Proverbs 23:19-21 (NRSVCE)
19 Hear, my child, and be wise,
and direct your mind in the way.
20 Do not be among winebibbers,
or among gluttonous eaters of meat;
21 for the drunkard and the glutton will come to poverty,
and drowsiness will clothe them with rags.
Similarly in Sirach 37:31, (RSVCE), it warns of what will happen if you can’t control your addictions.
30 for overeating brings sickness,
and gluttony leads to nausea.
31 Many have died of gluttony,
but he who is careful to avoid it prolongs his life.
It is with prayerful consideration that each of us must determine what our “too much” is. Then with God’s help, we can regain balance.
Will man rob God? Yet you are robbing me. But you say, ‘How are we robbing thee?’ In your tithes and offerings. You are cursed with a curse, for you are robbing me; the whole nation of you. Bring the full tithes into the storehouse, that there may be food in my house; and thereby put me to the test, says the Lord of hosts, if I will not open the windows of heaven for you and pour down for you an overflowing blessing. Malachi 3:8-10 (RSVCE)
Want to keep your budget and finances in the black? Then skim off that top 10% and live off of the other 90%. Just think about it this way: God gives you the whole 90% and only asks for 10%, but if you refuse, then the enemy eats up the 10% and digs heartily into your other 90. Your choice; but it is a behavior with a promise. Who would not want the windows of heaven opened on us with an overflowing blessing?
Michael and I know, as do millions of other Catholics from all financial walks of life that you can never out give God. The more you give to Him and trust in His providence, the more your life will be blessed. Think of this final budget buster as one with teeth. You can never out give God. Period.
So rethink these five budget busters and their significance in your life then figure out your own methods of busting back.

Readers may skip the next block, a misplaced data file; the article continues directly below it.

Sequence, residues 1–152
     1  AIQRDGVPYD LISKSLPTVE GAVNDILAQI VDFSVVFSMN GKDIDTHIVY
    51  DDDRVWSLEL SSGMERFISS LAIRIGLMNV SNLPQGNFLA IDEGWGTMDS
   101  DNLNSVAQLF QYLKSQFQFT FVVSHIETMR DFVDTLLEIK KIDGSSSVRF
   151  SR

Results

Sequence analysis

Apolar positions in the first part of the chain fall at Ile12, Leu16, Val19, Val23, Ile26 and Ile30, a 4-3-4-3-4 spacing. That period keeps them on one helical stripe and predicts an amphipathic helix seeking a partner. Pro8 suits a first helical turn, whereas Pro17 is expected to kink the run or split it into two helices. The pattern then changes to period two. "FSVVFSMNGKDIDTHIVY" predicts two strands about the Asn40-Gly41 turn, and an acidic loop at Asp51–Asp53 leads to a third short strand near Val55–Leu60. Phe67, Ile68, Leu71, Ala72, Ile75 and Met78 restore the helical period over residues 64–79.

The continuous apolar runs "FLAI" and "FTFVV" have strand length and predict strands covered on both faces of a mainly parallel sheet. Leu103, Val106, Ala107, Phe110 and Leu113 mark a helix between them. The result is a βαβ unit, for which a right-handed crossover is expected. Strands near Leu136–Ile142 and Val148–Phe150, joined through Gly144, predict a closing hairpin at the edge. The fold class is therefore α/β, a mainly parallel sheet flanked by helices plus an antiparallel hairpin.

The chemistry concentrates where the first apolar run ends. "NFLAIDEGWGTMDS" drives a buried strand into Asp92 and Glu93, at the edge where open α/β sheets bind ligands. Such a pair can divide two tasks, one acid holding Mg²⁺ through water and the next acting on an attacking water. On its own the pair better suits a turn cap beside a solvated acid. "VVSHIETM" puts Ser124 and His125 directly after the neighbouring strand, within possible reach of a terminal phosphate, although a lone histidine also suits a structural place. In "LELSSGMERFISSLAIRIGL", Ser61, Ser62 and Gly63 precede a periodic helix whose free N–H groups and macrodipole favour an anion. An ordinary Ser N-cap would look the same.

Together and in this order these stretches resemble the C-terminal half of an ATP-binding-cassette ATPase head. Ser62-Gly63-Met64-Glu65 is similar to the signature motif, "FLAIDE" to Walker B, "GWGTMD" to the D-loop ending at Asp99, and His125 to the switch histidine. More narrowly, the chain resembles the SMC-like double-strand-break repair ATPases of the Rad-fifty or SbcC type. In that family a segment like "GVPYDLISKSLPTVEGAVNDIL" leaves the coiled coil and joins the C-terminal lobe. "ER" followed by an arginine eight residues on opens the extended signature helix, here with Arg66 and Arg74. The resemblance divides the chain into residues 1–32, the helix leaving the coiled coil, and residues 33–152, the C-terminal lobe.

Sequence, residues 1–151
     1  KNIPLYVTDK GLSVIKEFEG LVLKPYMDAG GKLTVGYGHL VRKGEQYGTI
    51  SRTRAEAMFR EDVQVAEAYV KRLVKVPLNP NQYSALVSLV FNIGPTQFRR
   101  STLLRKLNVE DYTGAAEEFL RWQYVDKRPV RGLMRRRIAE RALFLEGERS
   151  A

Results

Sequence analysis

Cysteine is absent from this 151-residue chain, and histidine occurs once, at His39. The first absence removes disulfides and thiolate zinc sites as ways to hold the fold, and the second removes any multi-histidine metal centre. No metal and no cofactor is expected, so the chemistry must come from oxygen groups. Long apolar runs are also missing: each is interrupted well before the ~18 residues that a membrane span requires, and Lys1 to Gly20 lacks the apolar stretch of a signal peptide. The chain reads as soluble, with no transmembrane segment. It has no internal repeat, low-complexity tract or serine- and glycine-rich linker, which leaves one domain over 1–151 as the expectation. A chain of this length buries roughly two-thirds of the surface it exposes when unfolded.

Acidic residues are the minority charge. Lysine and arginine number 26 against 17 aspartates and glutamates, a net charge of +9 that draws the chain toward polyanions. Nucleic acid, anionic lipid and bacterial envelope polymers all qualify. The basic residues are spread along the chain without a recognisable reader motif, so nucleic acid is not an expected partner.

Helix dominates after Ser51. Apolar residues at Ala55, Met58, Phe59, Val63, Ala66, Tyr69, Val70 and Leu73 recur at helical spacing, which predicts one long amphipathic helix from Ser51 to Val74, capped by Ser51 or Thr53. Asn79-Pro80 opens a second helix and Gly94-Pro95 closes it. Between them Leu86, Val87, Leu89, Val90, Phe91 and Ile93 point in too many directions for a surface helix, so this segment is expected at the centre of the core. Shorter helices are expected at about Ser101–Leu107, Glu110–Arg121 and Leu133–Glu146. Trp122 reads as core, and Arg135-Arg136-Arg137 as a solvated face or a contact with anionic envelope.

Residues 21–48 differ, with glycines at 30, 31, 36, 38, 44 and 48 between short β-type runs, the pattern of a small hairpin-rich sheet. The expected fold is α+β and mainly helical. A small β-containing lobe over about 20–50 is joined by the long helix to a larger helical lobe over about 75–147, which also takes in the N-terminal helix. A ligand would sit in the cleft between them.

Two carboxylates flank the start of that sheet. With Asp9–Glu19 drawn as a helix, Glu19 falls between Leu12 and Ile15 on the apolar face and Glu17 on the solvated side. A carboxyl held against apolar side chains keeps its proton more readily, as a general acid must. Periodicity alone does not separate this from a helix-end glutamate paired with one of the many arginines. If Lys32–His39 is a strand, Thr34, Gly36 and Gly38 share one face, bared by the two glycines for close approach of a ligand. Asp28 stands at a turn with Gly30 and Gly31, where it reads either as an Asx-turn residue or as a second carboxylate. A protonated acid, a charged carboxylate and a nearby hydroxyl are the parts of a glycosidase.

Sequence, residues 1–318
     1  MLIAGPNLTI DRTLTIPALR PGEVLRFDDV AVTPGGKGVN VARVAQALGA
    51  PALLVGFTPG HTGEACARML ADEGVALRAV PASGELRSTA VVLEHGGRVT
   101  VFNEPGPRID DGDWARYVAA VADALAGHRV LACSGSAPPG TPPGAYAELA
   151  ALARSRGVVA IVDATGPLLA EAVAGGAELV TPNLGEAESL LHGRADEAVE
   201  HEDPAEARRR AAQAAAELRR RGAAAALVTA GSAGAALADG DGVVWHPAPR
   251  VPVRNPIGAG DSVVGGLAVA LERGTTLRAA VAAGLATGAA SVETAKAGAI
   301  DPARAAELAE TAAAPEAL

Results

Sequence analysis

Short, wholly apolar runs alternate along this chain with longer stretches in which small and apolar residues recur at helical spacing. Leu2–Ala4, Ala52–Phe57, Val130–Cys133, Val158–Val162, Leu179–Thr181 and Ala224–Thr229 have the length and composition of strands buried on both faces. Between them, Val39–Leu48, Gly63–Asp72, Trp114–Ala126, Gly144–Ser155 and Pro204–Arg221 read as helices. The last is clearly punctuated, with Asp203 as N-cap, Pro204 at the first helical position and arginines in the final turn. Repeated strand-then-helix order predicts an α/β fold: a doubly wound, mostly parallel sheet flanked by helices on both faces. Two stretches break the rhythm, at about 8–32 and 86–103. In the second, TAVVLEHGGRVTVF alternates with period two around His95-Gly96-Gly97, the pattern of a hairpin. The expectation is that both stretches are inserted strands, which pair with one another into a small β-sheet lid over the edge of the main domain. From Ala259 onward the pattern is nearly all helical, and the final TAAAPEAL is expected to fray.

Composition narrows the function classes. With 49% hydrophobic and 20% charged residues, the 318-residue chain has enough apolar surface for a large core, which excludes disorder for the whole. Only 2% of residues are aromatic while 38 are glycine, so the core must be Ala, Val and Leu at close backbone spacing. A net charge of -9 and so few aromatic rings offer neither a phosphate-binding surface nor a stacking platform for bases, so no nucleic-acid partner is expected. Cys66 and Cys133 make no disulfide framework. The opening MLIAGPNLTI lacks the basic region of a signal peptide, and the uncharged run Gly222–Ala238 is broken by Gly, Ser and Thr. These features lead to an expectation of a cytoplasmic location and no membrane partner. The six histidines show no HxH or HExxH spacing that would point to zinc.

When my husband and I married some 35 years ago, he was a runner, and in order to snag him when we began dating, I took up running myself. Prior to that, my main exercise was ballet, tap, and jazz lessons. Now I wanted to impress him and running seemed an easy way. That behavior lasted for about a year, then we married; and I became pregnant with our first child. I tried to jog after the babies came, but walking seemed a better choice because I could push a stroller, communicate with my offspring, and still remain coherent as a mother. It was only when the oldest could babysit became older that I was able to walk by myself with a Rosary, and that is when I discovered (some fifteen years prior to converting to Catholicism) prayer walking.
Is Prayer Walking Scriptural?
Now prayer walking is as old as the human foot. We see incidents of it throughout the Old and New Testaments. For example, when Abraham was asked by God to sacrifice his only son Isaac in the land of Moriah, Abraham had to walk three days to get there. With such a request by his Heavenly Father, Abraham in his submission surely wasn’t thinking about the latest sports scores. And as we see from scripture, Abraham’s trust resulted in an A+ for obedience and Isaac was spared. (Genesis 22:1-14) Again we see in The New Testament where two of Christ’s disciples, after His resurrection, were walking to Emmaus, which was about seven miles from Jerusalem, and they were conversing with each other about all the things which had taken place when Jesus, Himself, approached and began traveling with them and explaining to them all the things concerning Himself in all the scriptures. And, of course, they failed to recognize Jesus until He had taken the bread, blessed it, broke it, and began giving it to them. Walking with Christ and prayer opened their eyes. (Luke 24:13-31) Indeed, prayer walking can likewise open our eyes to our relationship with our Heavenly Father.